The Scarsdale Medical Diet: 6 Great Snacks

The Scarsdale Medical Diet: 6 Great Snacks

The Scarsdale medical diet is a very low calorie, low-fat, low-carbohydrate diet that allows a specific meal plan for 2 weeks followed by 2 weeks of a less restrictive plan-your-own diet plan. Due to its low calorie content, the Scarsdale allows a limited palette of snacks to help keep you from being hungry between meals.

Snack #1: Carrots

Carrots are considered a free food on the Scarsdale medical diet, meaning that you can eat as much of it as you want, and is one of the few snacks allowed on this diet. While this may seem boring initially, there are several ways you can prepare carrots to keep things interesting. You can eat them raw, and keeping raw carrots on hand when you’re out is always a good idea to allow you to snack if you’re hungry and away from your kitchen. You can also steam or microwave carrots, or fry them with some lemon juice in a pan sprayed with cooking spray. If you choose to cook your carrots, there are plenty of zero-calorie herbs and seasonings that you can use to dress them up.

Snack #2: Celery

Like carrots, celery is a free food and can be eaten between meals along with carrots on the Scarsdale medical diet. Eating celery alternatively with carrots can help reduce the monotony of the limited snack foods available to you. You can prepare them in all the same ways as your carrots, including as a stir fry with carrots seasoned with herbs, spices, lemon juice or soy sauce—all zero-calorie foods. Avoid any stir fry sauces that contain sugars or high fructose corn syrup.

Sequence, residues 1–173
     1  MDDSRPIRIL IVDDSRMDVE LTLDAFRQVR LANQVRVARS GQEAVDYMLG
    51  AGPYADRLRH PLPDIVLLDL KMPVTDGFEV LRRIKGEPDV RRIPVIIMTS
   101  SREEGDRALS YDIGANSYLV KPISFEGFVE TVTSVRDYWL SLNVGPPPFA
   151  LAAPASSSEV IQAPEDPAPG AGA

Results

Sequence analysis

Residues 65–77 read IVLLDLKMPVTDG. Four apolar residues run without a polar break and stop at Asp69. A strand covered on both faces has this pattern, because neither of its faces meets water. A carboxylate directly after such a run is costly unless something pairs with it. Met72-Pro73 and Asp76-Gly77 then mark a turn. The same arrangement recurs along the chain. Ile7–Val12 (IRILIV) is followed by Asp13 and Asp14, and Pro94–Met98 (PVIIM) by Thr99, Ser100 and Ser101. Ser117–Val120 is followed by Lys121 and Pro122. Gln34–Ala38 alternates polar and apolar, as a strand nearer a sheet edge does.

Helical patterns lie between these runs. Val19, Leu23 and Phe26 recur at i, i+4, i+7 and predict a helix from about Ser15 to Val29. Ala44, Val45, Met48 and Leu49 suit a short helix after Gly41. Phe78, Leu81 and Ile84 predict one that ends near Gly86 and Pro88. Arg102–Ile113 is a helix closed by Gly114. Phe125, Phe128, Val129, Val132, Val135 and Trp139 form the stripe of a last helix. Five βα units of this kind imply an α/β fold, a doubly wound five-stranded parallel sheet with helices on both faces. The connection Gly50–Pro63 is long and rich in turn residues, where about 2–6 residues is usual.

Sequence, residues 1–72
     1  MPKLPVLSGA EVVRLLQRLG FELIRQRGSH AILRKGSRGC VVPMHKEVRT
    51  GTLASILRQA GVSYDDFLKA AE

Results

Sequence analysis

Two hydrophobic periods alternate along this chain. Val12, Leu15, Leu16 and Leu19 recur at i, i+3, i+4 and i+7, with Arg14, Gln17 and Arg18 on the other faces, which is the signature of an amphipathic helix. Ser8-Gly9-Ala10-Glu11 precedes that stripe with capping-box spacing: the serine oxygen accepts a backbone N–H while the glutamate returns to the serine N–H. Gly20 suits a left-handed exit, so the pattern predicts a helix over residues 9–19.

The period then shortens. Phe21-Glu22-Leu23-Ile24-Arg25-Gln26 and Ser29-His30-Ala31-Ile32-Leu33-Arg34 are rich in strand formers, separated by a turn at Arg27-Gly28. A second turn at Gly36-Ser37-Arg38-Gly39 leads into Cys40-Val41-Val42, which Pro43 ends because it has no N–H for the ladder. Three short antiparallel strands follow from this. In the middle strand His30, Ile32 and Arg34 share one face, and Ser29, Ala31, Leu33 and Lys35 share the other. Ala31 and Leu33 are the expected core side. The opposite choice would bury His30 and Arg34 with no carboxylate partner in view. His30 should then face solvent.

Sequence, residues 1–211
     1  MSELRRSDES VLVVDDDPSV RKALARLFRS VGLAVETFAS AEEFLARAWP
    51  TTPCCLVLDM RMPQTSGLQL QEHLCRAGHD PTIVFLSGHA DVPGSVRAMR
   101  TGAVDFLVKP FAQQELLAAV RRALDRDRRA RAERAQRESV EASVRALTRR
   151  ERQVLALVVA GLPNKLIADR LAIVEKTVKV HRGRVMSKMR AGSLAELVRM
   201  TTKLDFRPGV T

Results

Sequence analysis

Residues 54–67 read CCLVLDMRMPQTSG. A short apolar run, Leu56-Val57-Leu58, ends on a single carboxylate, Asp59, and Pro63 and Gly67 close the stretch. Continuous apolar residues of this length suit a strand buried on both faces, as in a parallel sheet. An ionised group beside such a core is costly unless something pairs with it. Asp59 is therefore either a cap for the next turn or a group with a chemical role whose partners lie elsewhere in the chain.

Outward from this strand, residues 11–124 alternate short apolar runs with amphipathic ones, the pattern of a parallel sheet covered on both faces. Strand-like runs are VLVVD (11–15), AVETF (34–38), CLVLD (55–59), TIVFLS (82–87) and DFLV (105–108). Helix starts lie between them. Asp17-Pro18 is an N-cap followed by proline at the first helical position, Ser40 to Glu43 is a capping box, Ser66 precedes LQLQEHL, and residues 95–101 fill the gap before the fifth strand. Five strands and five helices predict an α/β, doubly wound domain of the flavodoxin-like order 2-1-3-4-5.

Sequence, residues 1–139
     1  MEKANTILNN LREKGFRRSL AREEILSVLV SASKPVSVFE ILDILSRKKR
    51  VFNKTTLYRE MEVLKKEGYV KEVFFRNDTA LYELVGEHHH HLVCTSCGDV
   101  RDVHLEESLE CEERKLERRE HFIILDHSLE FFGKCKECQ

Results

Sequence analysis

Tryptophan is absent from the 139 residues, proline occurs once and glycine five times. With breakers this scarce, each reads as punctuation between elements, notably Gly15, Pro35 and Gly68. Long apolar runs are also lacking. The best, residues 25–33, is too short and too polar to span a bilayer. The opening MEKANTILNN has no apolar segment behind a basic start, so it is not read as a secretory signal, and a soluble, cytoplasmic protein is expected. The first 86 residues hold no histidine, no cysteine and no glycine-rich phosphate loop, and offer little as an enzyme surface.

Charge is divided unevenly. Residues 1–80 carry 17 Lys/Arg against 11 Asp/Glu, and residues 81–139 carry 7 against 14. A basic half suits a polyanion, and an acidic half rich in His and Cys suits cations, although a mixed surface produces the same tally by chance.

Snack #3: Low-Sodium Vegetable Broth

In addition to celery and carrots, the Scarsdale medical diet allows you to snack on low-sodium vegetable broth. You can make it by itself or add your carrots and celery to it and make yourself a nice little vegetable soup. You can cook it in the morning and carry around a thermos of soup with you to snack on as needed.

Snack #4: Protein Bread

The Scarsdale medical diet allows you a slice of protein bread each morning for breakfast. This bread has a nutty flavor to it that regular bread does not contain. If you choose not to eat your slice of protein bread in the morning, it can be eaten later as a snack between meals. If protein bread is unavailable in your area, it can be substituted with either a 100% whole grain bread, stone ground bread or multigrain bread.

Snack #5: Tea or Coffee

Tea and coffee are considered a free food and can be consumed throughout the day. While no milk, honey or sugar can be added to the drink, you can flavor it with zero-calorie sweeteners or lemon.

Snack #6: Water

You are encouraged to drink at least 4 glasses of water a day on the Scarsdale medical diet and can drink water between meals to help keep you full. While water itself may not help keep you sated between meals, drinking water with your other snacks may help you get through the periods between meals.

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